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mygif

Wrote a post expressing these exact sentiments on my blog.

I think the public has an inate dislike for protesters partly because they seem to disrupt much of the daily order. The amount of logistical problems for work and play caused by the G20 (parking, driving, the whole security badge thing) would be enough to cause resentment from anybody.

The same issues affected my university’s annual “protest high tuitions with other schools” rally. Everyone and their mother had a cause to bitch about, and the protest leaders weren’t about to turn them away. These piggybackers destroyed the protest’s credibility to the point that people from our school were even wondering what the central cause was.

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mygif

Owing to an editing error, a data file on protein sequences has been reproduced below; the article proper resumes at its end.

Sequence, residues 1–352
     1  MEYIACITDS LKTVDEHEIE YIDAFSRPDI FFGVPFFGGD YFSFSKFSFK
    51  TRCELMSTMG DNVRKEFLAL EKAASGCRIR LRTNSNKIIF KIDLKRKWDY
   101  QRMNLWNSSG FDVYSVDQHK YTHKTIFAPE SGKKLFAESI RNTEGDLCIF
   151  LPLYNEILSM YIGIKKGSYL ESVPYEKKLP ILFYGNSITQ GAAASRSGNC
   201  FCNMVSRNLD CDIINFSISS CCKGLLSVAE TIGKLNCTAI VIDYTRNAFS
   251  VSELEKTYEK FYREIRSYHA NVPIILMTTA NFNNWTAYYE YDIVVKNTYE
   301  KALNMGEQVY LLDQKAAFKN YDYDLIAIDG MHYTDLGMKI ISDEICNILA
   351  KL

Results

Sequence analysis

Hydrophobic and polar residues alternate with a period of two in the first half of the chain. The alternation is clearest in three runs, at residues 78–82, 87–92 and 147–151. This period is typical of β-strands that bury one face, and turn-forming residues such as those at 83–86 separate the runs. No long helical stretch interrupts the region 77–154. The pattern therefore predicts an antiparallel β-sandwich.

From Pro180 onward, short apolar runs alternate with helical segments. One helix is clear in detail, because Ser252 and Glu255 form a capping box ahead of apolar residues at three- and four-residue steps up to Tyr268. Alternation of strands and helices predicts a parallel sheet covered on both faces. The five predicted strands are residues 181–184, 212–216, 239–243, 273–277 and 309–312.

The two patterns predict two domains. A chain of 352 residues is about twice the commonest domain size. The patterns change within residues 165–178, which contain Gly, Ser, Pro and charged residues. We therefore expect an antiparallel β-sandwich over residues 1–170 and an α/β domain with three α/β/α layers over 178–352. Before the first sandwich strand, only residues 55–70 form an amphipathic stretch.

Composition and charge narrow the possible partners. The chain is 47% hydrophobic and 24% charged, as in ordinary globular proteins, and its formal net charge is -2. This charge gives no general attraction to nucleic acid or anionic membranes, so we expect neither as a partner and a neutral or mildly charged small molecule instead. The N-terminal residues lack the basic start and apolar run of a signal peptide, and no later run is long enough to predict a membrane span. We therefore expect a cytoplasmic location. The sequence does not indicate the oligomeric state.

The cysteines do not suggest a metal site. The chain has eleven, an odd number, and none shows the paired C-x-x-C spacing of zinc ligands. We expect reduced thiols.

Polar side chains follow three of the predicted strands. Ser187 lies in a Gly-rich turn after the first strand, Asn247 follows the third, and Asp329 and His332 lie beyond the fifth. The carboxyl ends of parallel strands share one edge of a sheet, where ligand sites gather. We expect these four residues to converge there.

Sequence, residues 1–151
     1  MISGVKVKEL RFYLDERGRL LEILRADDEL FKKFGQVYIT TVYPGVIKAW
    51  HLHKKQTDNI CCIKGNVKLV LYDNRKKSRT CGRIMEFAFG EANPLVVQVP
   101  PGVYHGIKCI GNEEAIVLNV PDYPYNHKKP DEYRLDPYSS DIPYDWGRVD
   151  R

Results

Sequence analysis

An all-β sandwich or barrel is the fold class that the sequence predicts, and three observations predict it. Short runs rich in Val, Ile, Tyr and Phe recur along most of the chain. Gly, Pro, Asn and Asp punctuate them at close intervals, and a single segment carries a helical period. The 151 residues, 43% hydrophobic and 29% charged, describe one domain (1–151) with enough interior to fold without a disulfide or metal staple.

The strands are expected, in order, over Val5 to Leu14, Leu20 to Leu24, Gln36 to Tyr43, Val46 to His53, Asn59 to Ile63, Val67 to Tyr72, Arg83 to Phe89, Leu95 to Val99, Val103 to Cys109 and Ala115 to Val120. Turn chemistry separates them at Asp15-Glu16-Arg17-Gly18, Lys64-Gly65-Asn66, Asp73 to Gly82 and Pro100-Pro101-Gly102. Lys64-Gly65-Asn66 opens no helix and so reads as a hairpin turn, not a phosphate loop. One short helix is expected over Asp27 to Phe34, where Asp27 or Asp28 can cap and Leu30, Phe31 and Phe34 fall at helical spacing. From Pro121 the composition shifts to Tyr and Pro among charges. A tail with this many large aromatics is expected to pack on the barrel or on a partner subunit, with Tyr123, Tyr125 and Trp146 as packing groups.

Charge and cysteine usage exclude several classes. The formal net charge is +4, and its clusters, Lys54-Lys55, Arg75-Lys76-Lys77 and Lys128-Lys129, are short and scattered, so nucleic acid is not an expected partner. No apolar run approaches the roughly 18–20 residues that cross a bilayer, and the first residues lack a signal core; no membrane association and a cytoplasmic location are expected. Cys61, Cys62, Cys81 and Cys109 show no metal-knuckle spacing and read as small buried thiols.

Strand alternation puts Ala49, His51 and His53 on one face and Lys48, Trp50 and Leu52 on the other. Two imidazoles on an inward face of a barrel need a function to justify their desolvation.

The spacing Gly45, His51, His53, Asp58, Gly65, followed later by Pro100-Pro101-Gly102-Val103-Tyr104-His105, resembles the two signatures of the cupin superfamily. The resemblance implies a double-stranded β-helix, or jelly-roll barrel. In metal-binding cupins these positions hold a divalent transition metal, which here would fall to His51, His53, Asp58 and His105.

Unfortunately it was obvious violence was going to occur at the G20 protests simply *because* various protest organizers refused to condemn it before the summit began. I’m sure many of them dislike violent actions, but they enable it by refusing to say it’s wrong. They have to realize that some of their fellows are the movement’s worst enemy, and at least make an effort to curb it.

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NCallahan said on July 21st, 2010 at 10:49 am

Protests are a display to emphasize the politic and/or economic power the organized force has to wield against the establishment. That’s my take on it and any protest without that intent is a waste of energy and hurts the recruiting power of the cause. The civil rights movement in America work because it sent the message, “Here’s what will happen if black people don’t spend money and here’s how many votes you could have if you secured out right to vote.” The peace movement worked because it established that so many people were unwilling to follow the draft laws that a draft army could no longer be maintained. And so on and so forth.

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mygif

A++. Bingo.

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mygif